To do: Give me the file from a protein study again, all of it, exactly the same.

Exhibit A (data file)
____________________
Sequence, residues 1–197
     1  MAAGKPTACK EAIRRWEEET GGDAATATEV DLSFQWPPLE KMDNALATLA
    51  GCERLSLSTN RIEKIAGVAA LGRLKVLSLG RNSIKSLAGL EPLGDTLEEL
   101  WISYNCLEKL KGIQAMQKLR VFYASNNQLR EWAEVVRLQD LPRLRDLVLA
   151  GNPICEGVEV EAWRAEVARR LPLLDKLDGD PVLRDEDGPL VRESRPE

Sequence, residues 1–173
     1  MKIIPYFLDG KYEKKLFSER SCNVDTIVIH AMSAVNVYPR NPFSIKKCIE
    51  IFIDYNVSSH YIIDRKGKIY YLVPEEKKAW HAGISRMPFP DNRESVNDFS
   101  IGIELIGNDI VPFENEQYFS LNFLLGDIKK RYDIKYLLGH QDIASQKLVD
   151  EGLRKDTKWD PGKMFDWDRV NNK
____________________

Sequence, residues 1–197
     1  MAAGKPTACK EAIRRWEEET GGDAATATEV DLSFQWPPLE KMDNALATLA
    51  GCERLSLSTN RIEKIAGVAA LGRLKVLSLG RNSIKSLAGL EPLGDTLEEL
   101  WISYNCLEKL KGIQAMQKLR VFYASNNQLR EWAEVVRLQD LPRLRDLVLA
   151  GNPICEGVEV EAWRAEVARR LPLLDKLDGD PVLRDEDGPL VRESRPE

Sequence, residues 1–173
     1  MKIIPYFLDG KYEKKLFSER SCNVDTIVIH AMSAVNVYPR NPFSIKKCIE
    51  IFIDYNVSSH YIIDRKGKIY YLVPEEKKAW HAGISRMPFP DNRESVNDFS
   101  IGIELIGNDI VPFENEQYFS LNFLLGDIKK RYDIKYLLGH QDIASQKLVD
   151  EGLRKDTKWD PGKMFDWDRV NNK